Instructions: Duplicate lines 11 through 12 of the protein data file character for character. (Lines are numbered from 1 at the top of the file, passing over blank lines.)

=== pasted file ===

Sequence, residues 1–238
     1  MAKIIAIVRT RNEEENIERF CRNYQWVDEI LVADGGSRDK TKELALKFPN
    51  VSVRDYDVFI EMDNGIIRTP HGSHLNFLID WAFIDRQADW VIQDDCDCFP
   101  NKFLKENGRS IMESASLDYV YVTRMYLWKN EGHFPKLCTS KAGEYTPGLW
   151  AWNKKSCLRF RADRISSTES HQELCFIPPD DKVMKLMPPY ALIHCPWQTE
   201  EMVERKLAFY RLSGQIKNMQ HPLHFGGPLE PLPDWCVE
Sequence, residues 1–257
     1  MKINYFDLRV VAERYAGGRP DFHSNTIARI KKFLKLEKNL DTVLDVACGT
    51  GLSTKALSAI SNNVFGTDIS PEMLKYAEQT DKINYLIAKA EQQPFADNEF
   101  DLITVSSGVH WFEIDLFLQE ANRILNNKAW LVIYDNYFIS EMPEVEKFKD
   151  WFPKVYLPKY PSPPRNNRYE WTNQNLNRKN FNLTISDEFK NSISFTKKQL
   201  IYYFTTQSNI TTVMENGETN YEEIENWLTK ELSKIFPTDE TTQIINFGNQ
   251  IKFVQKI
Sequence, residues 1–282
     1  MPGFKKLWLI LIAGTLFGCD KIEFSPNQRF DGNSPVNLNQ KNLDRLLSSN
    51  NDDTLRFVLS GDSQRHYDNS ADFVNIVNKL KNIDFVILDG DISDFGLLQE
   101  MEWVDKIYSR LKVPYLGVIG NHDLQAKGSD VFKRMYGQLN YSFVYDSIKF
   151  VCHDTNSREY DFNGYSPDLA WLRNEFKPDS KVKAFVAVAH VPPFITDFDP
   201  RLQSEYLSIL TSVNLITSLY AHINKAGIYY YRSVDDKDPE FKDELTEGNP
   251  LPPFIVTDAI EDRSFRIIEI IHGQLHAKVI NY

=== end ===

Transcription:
   151  WFPKVYLPKY PSPPRNNRYE WTNQNLNRKN FNLTISDEFK NSISFTKKQL
   201  IYYFTTQSNI TTVMENGETN YEEIENWLTK ELSKIFPTDE TTQIINFGNQ